Callum, a Leeds Beckett University graduate of BSc (Hons) Creative Media Technology, graduated in 2019. A 9-month work placement at a media agency during his studies went really well, but once he had graduated his new employer was unwilling to even discuss reasonable adjustments. After just 3 weeks, Callum left his job, having lost all confidence in himself. He then set up his own company, with his mum, offering web development, web accessibility training and consultancy.
Callum, a Leeds Beckett University graduate of Creative Media Technology, graduated in 2019. He previously had a positive experience at a media agency during his work placement, the company knew he was autistic and Callum felt relaxed in this environment due to the small size and the low pressure. He didn’t feel that he needed to ask for any adjustments.
Upon graduation he received a LinkedIn invitation from a CEO of a different media agency, and was invited to interview. He was successful in gaining the job and started working there the following month, considering his previous experience at a similar company, he chose not to ask for adjustments initially.
At this job, Callum was placed in a role where he was talking to clients and all his activities were tracked in real-time. He felt that he didn’t have enough support or training. This inhibited his performance and he often made silly mistakes.
Callum felt under pressure and chose to ask for adjustments. He mentioned his anxiety surrounding working to a timescale and asked if anything could be done to support him. Unfortunately, the adjustments were refused and he received a performance warning. After just 3 weeks working at the media agency, Callum left the company, having lost all confidence in himself.
What Happened Next?
After leaving his job at the media agency, Callum had decided he didn’t want to work for a line manager anymore and wanted to start his own company. His Mum was already a copywriter, a skill which complemented Callum’s skills as a web developer. They decided to join together and run a business together, Callum designing and developing websites, his Mum writing the content.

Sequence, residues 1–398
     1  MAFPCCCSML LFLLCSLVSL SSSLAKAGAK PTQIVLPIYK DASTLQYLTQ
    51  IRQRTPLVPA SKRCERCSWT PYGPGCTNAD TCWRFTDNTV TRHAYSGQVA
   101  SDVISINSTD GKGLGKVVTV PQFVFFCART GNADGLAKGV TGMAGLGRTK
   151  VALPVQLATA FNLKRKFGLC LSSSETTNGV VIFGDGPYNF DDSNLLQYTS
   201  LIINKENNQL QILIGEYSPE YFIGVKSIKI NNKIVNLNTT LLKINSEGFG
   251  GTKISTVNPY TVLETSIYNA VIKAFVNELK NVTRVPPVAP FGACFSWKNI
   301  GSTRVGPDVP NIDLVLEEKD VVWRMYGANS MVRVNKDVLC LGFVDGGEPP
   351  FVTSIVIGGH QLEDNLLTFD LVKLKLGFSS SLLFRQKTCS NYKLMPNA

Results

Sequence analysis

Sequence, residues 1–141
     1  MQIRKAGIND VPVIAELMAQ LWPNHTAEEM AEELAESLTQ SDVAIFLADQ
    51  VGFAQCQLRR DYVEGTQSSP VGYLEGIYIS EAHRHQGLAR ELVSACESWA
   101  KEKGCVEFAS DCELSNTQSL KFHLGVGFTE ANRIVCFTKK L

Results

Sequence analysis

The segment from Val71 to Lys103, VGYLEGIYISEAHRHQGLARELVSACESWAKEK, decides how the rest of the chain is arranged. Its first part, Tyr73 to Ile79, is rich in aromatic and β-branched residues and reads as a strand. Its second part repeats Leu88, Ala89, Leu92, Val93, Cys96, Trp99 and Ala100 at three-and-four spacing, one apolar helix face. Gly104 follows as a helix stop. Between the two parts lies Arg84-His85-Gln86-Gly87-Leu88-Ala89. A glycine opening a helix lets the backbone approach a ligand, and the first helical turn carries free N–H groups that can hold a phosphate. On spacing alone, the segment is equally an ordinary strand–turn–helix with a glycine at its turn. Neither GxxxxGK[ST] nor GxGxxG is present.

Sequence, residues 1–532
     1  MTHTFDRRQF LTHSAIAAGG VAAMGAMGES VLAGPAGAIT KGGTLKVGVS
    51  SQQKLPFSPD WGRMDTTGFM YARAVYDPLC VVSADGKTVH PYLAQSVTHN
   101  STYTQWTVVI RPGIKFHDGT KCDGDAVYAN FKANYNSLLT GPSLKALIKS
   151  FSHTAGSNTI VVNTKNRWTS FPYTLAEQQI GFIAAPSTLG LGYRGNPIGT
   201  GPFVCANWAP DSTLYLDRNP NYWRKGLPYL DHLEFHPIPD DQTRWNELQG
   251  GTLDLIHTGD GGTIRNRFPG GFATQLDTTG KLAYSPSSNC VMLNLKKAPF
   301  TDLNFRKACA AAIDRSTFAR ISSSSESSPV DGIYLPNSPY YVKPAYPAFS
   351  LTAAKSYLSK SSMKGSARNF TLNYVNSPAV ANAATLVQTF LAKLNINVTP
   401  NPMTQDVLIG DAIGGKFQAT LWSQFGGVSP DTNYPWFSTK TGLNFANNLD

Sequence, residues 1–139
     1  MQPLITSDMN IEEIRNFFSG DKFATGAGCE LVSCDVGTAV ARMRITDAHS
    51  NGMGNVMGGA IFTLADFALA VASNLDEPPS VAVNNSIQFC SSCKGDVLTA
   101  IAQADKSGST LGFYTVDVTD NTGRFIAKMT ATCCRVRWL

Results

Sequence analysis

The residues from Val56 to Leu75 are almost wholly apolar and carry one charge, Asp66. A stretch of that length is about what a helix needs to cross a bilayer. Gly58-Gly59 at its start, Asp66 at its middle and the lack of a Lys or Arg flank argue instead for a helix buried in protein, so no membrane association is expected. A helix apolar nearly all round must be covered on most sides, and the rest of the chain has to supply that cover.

At the beginning of the COVID-19 lockdown, clients no longer needed the services Callum and his mum had to offer, due to the uncertainty and budget constraints. Without any work, Callum and his Mum reflected on the business they were running and realised that focusing on the accessibility aspects of websites was a niche in the market. This led to the development of KreativeInc agency, an agency offering web accessibility training and consultancy, accessible website design and development and web accessibility audits (see https://kreativeincagency.co.uk/).
Callum is feeling much more positive about his current working situation, being able to work flexible hours and in flexible locations and knowing that he can be completely honest if he feels uncomfortable with his work, thanks to working with his Mum. His own autism gives him a unique and valuable perspective on web accessibility. He also enjoys that he is creating his own business vision, rather than working towards someone else’s.
What are the future plans?
The development of KreativeInc is still in the early stages, though the business is showing promise. Callum and his mum will be looking to employ one or two other people to help with the workload, and hope to expand further in the future.
Tips for current students and graduates
- Ask for a tailored workplace assessment to make the workplace more autism friendly.
- Ask for a reasonable adjustment plan prior to starting your new job, you are entitled to this as an employee.
- Be clear about your needs and preferences so that you can drive the discussions around reasonable adjustments.
Tips for Students and Graduates Starting a Business:
- Team up with somebody who has experience in running a business and also understands autism.
- Never be discouraged by setbacks, see them as opportunities for positive growth.
Tips to share with employers
- Participate in neurodiversity training to gain a better understanding of autism and how to make your workplace more autism friendly.
- Offer reasonable adjustments to your employees, they are entitled to this. Most reasonable adjustments are low cost and low effort.
- Ask your employees what would help them be more productive and accommodate these suggestions where possible.
- Have open conversations about what can and cannot be done, be realistic.
- Ensure your employees are happy with the training they have received. You may need to be more patient with autistic employees, buth the return on investment will be worthwhile.